Aug 8, 2019

What Corporate America is doing about guns

lllustration of an arm in a business suit making a gun sign with smoke coming out of the fingertips

Illustration: Aïda Amer/Axios

As the nation debates the best ways to curb mass shootings, America’s biggest companies are reconsidering their relationships with the gun industry.

Why it matters: The manufacturing, selling and transportation of guns is a complicated supply chain that touches much of corporate America, including retailers, banks and shippers. These corporations don't face partisan gridlock and can take action on guns swiftly, but the moves of a few companies won’t have the effect that new laws would.

What's happening: Companies are facing pressure from employees and customers to cut ties with the gun industry as mass shootings become deadlier and more frequent.

The latest:

  • Walmart CEO Doug McMillon pledged “thoughtful and deliberate” responses to the weekend’s shootings, but the company said it would make no further changes to its gun retail policies. [His note on LinkedIn followed an exhortation by New York Times columnist Andrew Ross Sorkin to use the company's massive leverage to curb gun violence.]
  • Apple CEO Tim Cook called on lawmakers to "come together to address this violence for the good of our country."
  • The Business Roundtable — corporate America's trade group, headed by JP Morgan CEO Jamie Dimon — told Axios: “We are deeply saddened by the events in El Paso and Dayton, and strongly denounce the senseless violence and any movements that fuel hate and intolerance, which have no place in our communities, businesses and country.”

Yes, but: No major companies announced concrete gun policy changes in response to this weekend's mass shootings. Cloudflare's CEO did say it would no longer host 8chan, a breeding ground for violent extremists where the El Paso shooter posted his racist manifesto.

Here’s what corporate America has already done:

On the retail side:

  • Amazon and eBay have banned the sale of all firearms on their platforms. And Shopify doesn’t allow the sale of semi-automatics and silencers, among other weapons.
  • Salesforce has stopped selling its e-commerce software to gun sellers.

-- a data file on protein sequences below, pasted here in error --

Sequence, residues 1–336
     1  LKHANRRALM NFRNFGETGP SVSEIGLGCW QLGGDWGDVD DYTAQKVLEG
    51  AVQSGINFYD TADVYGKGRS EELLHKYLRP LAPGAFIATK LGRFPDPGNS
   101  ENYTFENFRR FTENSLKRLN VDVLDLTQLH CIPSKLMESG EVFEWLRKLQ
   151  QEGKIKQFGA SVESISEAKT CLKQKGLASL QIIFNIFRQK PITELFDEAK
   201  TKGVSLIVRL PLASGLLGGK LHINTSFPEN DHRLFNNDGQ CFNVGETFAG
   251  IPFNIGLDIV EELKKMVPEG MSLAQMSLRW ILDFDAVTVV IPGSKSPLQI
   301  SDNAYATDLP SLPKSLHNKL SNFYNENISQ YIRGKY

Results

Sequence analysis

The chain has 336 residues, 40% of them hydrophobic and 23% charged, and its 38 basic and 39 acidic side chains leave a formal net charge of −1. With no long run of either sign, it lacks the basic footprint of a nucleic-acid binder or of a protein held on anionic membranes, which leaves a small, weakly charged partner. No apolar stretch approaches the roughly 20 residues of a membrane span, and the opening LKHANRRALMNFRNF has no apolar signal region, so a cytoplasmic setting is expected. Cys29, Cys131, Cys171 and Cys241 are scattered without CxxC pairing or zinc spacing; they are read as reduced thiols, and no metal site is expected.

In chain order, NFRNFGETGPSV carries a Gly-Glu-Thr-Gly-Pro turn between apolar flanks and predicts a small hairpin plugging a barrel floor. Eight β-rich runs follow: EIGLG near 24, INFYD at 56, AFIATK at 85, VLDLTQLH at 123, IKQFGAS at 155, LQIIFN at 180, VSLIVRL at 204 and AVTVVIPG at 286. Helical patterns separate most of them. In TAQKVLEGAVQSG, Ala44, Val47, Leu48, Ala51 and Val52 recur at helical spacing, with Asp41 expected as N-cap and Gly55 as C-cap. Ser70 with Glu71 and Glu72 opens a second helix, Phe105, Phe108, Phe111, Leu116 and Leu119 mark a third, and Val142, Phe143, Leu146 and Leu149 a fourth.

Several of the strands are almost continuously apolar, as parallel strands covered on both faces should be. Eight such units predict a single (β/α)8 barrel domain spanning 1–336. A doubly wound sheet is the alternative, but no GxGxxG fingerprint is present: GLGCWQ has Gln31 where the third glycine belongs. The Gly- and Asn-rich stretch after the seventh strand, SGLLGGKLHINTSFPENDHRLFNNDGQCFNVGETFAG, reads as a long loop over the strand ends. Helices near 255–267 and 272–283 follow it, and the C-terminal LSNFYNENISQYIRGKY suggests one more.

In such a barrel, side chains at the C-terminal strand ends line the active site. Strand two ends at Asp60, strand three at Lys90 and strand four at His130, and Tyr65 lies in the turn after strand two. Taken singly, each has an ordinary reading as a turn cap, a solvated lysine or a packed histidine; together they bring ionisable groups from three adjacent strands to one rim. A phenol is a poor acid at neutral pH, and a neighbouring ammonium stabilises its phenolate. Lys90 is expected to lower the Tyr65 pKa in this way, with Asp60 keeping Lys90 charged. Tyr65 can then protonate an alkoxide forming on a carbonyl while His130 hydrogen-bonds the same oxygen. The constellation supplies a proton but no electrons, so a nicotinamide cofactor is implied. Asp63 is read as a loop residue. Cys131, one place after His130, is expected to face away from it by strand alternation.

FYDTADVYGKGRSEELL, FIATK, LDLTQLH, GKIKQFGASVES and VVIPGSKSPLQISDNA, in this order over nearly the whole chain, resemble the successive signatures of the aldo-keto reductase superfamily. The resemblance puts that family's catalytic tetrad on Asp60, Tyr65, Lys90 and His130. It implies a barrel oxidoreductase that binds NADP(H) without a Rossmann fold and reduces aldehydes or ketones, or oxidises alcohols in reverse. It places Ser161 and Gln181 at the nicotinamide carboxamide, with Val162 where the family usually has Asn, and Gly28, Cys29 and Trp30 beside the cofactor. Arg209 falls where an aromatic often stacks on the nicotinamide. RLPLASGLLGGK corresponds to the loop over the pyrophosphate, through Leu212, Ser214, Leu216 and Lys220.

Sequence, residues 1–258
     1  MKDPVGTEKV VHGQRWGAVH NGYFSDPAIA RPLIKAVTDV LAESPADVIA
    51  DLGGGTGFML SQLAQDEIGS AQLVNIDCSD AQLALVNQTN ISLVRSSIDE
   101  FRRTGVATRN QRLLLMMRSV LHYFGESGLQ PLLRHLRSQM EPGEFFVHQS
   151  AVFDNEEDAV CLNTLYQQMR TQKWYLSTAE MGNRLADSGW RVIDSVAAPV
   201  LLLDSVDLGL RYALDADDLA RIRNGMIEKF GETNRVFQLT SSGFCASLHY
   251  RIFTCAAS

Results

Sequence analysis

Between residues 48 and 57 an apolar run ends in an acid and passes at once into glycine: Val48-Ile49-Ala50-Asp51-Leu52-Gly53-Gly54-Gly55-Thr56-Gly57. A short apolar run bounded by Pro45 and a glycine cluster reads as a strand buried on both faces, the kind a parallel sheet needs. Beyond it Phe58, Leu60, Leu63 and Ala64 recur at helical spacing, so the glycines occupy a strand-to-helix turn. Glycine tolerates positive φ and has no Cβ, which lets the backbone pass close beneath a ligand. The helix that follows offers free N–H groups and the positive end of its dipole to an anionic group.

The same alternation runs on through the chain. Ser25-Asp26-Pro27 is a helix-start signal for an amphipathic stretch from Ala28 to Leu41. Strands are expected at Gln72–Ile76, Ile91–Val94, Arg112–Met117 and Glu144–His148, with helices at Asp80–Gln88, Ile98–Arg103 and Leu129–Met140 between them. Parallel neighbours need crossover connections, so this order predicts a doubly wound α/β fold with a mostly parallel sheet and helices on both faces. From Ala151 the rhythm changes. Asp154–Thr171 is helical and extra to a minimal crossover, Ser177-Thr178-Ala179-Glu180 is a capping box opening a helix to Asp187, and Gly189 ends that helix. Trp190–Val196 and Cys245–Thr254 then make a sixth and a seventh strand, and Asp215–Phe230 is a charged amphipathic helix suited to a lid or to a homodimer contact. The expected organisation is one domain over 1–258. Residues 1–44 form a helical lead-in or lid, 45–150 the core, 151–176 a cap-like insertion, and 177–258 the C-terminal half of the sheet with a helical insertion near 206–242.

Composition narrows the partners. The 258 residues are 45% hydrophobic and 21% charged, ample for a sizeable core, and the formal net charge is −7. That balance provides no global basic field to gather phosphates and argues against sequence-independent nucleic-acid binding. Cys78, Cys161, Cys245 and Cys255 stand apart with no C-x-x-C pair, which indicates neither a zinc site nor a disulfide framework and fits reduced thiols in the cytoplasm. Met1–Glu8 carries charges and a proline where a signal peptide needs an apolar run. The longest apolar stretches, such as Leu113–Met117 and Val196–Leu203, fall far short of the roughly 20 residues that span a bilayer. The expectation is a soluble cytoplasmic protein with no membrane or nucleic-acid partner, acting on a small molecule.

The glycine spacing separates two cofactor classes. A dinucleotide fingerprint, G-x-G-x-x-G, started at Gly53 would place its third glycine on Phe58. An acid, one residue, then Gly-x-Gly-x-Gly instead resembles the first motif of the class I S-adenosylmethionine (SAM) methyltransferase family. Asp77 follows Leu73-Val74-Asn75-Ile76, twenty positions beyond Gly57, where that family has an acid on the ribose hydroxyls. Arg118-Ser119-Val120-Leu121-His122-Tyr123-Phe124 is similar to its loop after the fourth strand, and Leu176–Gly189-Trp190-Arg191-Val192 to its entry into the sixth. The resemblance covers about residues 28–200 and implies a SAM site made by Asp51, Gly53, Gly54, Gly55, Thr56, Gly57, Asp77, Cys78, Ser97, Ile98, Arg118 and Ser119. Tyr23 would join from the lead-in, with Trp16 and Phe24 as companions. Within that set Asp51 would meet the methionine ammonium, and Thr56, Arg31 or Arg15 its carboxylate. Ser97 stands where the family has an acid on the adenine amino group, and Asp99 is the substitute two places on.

• Square prohibits sales of firearms or ammunition with its point-of-sale system, as does Apple with Apple Pay (though this policy applies only online, not in stores).
  • Walmart stopped selling assault rifles in 2015 and requires people buying guns to be 21, and Dick's Sporting Goods has taken all assault-style weapons off of its shelves.
  • Starbucks, while not a gun retailer, requested in 2013 that customers in states with open carry laws not bring guns into its cafes, though it stopped short of banning firearms outright.

In financial services:

  • Citigroup, in the wake of Parkland, Fla., mass shooting last year, placed restrictions on its business customers, saying they couldn't sell guns to people who were under 21 or who hadn’t passed a background check.
  • Bank of America followed Citi, saying it would stop lending to gunmakers that manufacture AR-15 rifles (then caught flak for a prior loan that involved Remington).
  • BlackRock, the world's largest asset manager, said it would build 2 new "gun-free" investment funds that excluded companies that make and sell civilian guns.

In transportation:

  • Delta and FedEx have both stopped offering discount packages to the National Rifle Association.

But, but, but: Smaller gun shops and gun shows make up a much larger piece of the vendor pie than big retailers do, and a lot of transactions take place in cash — well outside the purview of big business.

And companies that do take a stand sometimes face accusations of hypocrisy:

  • BlackRock, through its passive investment funds, is still the biggest institutional owner of firearms stocks American Outdoor Brands and Sturm, Ruger & Co., as Bloomberg notes.
  • But BlackRock said it would use its influence to engage with these companies on business practices.

The other side: A number of companies are making decisions not to wade into the gun debate.

  • Visa's CEO, Al Kelly, told the New York Times last month: "Our job is not to lecture people about what to do or what to buy. And the minute you give on guns, then what about soda? What about fur coats? What about birth control pills? What about? What about? What about?"
  • J.P. Morgan Chase has not adopted a formal policy that limits its business with gun manufacturers and gun-adjacent companies. Dimon defended the policy and said the bank has a "very small relationship with gun manufacturers," all of which face a "thorough review" before the bank does business with them.

The bottom line: The actions of these giant companies — which critics deride as too little, too late — have failed to stop the proliferation of gun violence in America.

  • "Getting individuals companies one by one to adopt policies is not nearly effective as a national law that applies to every company all at once," Adam Winkler, a professor at U.C.L.A. School of Law, tells Axios.
  • "But while these piecemeal methods are not that effective, they do provide a rallying point for gun violence prevention advocates and they can make a small difference at the margins."

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Editor’s note: This story has been corrected to reflect that Starbucks discourages gun owners from bringing their weapons into its stores (but does not ban guns).

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